By Feyone La, APIASF/GMS Scholar
Math has been my favorite subject since I first started school. I’ve always been good at math and I LOVE math because ultimately you get the right answer, regardless of how you solve it. The thing that I love most is that as long as I follow the correct steps to solve a problem, I will get the right answer; without a doubt. From a young age, I didn’t like doubt; I liked knowing that I would be right about something, that I could be sure my answer was correct.
As I got older, I began to solve problems by observing before I was taught a concept. I often found myself using different strategies than the ways that my teacher or even other students would solve the problem. Most of the time, my unique strategy didn’t pose a problem; until one teacher asked me “why?” to every step of my problem solving process.
This was the moment when I fell in love with the STEM field. I realized that what I was doing was way more than just the steps involved in solving the problem, but the PURPOSE of why I needed to solve the problem in that manner. From that moment, I began to think critically about everything in my life. The reason for the developed process in math and science is because someone had to ask the question why and then discover the answer in their own process, in a way that made sense to them.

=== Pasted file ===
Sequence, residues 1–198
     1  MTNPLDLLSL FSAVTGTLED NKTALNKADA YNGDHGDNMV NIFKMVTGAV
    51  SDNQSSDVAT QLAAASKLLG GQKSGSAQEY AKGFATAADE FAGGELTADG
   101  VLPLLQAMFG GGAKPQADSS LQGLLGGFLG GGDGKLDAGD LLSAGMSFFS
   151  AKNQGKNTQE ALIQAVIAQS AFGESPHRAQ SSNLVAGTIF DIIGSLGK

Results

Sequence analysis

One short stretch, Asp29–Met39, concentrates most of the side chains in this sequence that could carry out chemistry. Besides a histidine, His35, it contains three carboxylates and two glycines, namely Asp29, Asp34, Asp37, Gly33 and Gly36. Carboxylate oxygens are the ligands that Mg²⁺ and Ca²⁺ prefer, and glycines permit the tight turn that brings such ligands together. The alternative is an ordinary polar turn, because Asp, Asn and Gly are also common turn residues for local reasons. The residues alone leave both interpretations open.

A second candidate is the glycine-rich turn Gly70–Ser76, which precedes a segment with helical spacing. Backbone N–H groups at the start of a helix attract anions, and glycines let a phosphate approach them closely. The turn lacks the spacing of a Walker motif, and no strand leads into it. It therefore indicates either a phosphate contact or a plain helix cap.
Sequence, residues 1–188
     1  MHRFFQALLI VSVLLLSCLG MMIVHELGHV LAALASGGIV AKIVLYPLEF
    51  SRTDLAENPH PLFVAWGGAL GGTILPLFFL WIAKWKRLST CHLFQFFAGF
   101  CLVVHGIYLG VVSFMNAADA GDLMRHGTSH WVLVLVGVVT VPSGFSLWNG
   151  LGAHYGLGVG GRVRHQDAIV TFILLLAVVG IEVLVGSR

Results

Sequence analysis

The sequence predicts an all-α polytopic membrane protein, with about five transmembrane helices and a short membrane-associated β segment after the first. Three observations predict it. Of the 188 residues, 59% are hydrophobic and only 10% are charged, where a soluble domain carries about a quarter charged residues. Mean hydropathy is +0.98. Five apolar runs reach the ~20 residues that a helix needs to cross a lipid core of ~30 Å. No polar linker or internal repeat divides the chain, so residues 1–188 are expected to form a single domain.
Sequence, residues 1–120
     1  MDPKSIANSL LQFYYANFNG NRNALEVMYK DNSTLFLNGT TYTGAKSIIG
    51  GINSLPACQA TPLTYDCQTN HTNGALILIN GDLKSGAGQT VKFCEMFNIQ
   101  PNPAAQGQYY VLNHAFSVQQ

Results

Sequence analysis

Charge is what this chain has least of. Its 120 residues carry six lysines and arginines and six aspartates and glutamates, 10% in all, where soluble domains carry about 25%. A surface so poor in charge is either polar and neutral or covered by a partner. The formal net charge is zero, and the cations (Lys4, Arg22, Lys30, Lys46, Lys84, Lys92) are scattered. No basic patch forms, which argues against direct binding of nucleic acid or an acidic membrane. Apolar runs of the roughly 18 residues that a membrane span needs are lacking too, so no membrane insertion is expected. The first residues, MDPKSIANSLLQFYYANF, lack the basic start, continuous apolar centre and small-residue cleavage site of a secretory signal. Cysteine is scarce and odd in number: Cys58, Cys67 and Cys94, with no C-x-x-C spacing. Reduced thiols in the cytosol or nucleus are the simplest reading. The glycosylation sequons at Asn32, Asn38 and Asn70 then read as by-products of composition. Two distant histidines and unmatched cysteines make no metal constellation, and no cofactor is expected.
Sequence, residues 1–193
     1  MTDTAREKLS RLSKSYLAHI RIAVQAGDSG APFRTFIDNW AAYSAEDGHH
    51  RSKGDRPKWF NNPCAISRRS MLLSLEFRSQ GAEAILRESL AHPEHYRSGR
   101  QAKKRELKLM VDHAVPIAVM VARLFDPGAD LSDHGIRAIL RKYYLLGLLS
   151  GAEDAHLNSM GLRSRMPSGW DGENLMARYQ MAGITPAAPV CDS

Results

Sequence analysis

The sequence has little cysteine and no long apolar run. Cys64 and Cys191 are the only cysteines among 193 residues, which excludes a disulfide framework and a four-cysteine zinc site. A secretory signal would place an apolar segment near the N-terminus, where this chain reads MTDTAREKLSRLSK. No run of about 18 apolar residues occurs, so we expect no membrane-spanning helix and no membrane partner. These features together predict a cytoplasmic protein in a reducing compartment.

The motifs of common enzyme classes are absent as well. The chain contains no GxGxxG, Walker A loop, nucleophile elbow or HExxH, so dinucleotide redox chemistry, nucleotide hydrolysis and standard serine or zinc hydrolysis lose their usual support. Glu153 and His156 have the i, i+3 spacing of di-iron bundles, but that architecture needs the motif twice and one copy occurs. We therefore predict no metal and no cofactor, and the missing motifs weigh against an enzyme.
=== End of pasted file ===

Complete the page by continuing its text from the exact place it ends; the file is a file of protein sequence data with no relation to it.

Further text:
I want to be that person; I want to create something more than memorable. I want to create something that will help others in the most positive way. My mind is constantly circling around situations and wondering why or how something came to be or how that situation can be better. This ranges from simple everyday tasks to the complexities of engineering problems and the roots of my culture and heritage.
The STEM field challenges me every day, not only in classes, but in every aspect of my life. The structure of STEM is to solve problems using a general system, not only in the technical and academic areas, but also in any aspect of life.